BP elevation and FP depression asked in the same question
(with some osmosis too)

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Problem #1: The boiling point of an aqueous solution is 101.21 °C. What is the freezing point?

Solution:

1) Determine the molality of the solution:

Δt = i Kb m

1.21 °C = (1) (0.52 °C kg mol-1) (x)

x = 2.326923 m

2) Determine the freezing point depression with the above molality:

Δt = i Kf m

y = (1) (1.86 °C kg mol-1) (2.326923 mol/kg)

y = 4.33 °C

The freezing point of this solution is -4.33 °C.

Note that I assumed the solute was a non-electrolyte, producing a van 't Hoff factor of 1. I could have used any factor value I wanted. The bp factor winds up in the denominator and the fp factor is used in the numerator. They cancel out.


Problem #2: How many grams of sucrose should be added to 500.0 grams of water so that the difference in freezing point and boiling point is 105.0 °C

Solution:

Δt1 = i Kf m
Δt2 = i Kb m

The sum of Δt1 and Δt2 is 5.0 °C.
The van 't Hoff factor of sucrose is 1.
The molality is x / 0.5

Δt1 + Δt2 = (Kf m) + (Kb m)

5 = (Kf m) + (Kb m)

5 = (1.86 * (x / 0.5)) + (0.52 * (x / 0.5))

5 = 3.72x + 1.04x

4.76x = 5

x = 1.05 mol

1.05 mol times 342.2948 g/mol = 360. g


Problem #3: Calculate the freezing point and the boiling point of a solution that contains 15.0 grams of urea (CH4N2O) in 250. grams of water. Urea is a covalently bounded compound.

Solution:

1) Moles of urea:

15.0 g / 60.06 g/mol = 0.24975 mol

2) Freezing point calculation:

Δt = i Kf m

x = (1) (1.86 °C kg mol-1) (0.24975 mol / 0.250 kg)

x = 1.86 °C

The freezing point is -1.86 °C

3) Boiling point calculation:

Δt = i Kb m

x = (1) (0.52 °C kg mol-1) (0.24975 mol / 0.250 kg)

x = 0.52 °C

The boiling point is 100.52 °C


Problem #4: A solution is 30.5% by mass of antifreeze (C2H6O2) in water. For this solution:

a) calculate the freezing point depression and the freezing point
b) calculate the boiling point elevation and the boiling point.

Solution:

1) Moles of antifreeze:

30.5% means 30.5 g of C2H6O2 in 100 g of solution

30.5 g / 62.0674 = 0.4914 mol

2) FP depression:

x = (1) (1.86 °C kg mol-1) (0.4914 mol / 0.0695 kg)

x = 13 °C (leading to a freezing point of -13 °C)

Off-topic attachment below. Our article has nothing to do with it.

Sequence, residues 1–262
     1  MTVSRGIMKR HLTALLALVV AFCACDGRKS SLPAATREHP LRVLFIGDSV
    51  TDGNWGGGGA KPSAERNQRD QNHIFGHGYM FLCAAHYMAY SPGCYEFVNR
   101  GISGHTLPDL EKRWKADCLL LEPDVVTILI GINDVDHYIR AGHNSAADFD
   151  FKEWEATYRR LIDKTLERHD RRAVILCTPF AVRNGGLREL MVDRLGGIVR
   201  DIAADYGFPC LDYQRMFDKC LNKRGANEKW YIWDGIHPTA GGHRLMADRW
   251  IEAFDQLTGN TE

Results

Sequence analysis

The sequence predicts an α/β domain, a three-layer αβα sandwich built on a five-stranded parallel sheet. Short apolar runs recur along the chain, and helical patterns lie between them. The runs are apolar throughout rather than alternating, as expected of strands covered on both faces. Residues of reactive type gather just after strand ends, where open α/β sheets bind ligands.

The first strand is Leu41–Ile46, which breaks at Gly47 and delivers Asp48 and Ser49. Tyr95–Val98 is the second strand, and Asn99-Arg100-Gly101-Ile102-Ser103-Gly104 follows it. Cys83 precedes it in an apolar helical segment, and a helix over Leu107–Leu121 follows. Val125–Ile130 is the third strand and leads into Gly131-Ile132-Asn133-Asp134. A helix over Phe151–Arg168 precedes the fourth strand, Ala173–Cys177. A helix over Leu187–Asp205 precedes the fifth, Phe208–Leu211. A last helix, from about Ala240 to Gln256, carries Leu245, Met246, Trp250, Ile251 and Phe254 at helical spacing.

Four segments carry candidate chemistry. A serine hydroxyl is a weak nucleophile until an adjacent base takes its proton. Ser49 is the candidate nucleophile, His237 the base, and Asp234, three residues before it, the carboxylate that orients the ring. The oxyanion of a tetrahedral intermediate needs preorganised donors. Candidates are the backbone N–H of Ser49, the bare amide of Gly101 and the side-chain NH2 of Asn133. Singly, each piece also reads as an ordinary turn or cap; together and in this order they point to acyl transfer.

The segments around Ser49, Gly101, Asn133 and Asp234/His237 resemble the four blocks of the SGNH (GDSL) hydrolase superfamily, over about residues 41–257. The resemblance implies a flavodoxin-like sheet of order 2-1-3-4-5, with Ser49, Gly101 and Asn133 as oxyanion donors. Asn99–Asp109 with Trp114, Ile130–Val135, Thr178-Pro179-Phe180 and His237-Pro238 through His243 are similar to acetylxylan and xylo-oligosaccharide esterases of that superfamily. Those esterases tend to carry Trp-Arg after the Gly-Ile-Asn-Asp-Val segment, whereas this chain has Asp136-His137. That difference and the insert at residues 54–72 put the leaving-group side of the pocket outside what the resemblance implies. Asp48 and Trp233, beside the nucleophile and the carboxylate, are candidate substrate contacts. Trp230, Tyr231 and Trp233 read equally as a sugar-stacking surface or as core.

The mass of water came from 100 g - 30.5 g = 69.5 g = 0.0695 kg

3) BP elevation:

x = (1) (0.52 °C kg mol-1) (0.4914 mol / 0.0695 kg)

x = 3.68 °C (leading to a boiling point of 103.68 °C)

Note: the substance is a molecular one, leading to a van 't Hoff factor of 1.


Problem #5: What is the approximate osmotic pressure of a 0.118 m solution of LiCl at 10.0 °C? The freezing point of this solution is -0.415 °C.

Solution:

1) Use the freezing point data to determine the van 't Hoff factor:

0.415 = (i) (1.86) (0.118)

i = 1.89

2) Determine the approximate osmotic pressure:

π = (1.89) (0.118) (0.08206) (283)

π = 5.18 atm

Note: the answer is approximate because we assume a density of 1.00 g/mL for the solution. This allowed the 0.118 molal solution to be treated as 0.118 molar. A density of 1.00 g/mL is a reasonable one, but the assumption does result in the answer being labeled approximate.


Problem #6: At 286 K, the osmotic pressure of a glucose solution is 9.97 atm. What is the freezing point depression (given the density of the solution is 1.12 g/mL)?

Solution:

1) Determine the molarity of the solution:

9.97 atm = (1) (M) (0.08206 L atm/mol K) (286 K)

M = 0.4248128 mol/L

2) Convert molarity to molality:

Assume 1.00 L of the solution is present.

1000 mL times 1.12 g/mL = 1120 g <--- mass of the 1.00 L of solution

The solution contains 0.4248128 mol of glucose

0.4248128 mol times 180.16 g/mol = 76.5343 g

1120 g - 76.5343 g = 1043.466 g <--- mass of the water in the 1.00 L of solution

0.4248128 mol / 1.043466 kg = 0.407117 molal

3) Determine the freezing point depression:

Δt = (1) (1.86) (0.407117)

Δt = 0.76 °C


Problem #7: What are the normal freezing points and boiling points of 21.2 g of CaCl2 in water?

Solution:

The key lies in the word normal. The normal boiling point of water is 100 °C and the normal freezing point of water is 0 °C. A solution has a boiling point and a melting point different from the normal values, but the normal values themselves remain at 0 and 100.

Is this a trick question? Remember, any question that you do not know the answer to is a trick question.


Problem #8: An aqueous solution of KI has a freezing point of -1.95 °C and an osmotic pressure of 25.0 atm at 25.0 °C. Assuming that the KI completely dissociates in water, what is the density of the solution?

Solution:

1) Solve for the molality:

Δt = iKfm

1.95 °C = (2) (1.86 °C/m) (x)

x = 0.52419 m

2) Solve for the molarity:

π = iMRT

25.0 atm = (2) (y) (0.08206 L atm / mol K) (298 K)

y = 0.511166 M

3) 1.000 L of the solution contains 0.511166 moles of KI and is 0.52419 m. Solve for the mass of water:

0.52419 molal = 0.511166 moles / z

z = 0.975154 kg = 975.154 g

4) Solve for the mass of KI:

0.511166 mol times 165.998 g/mol = 84.8525 g

5) Compute the density:

975.154 g + 84.8525 g = 1060.0065 g (this is the mass of 1.000 L of solution)

1060.0065 g / 1000. mL = 1.060 g/mL


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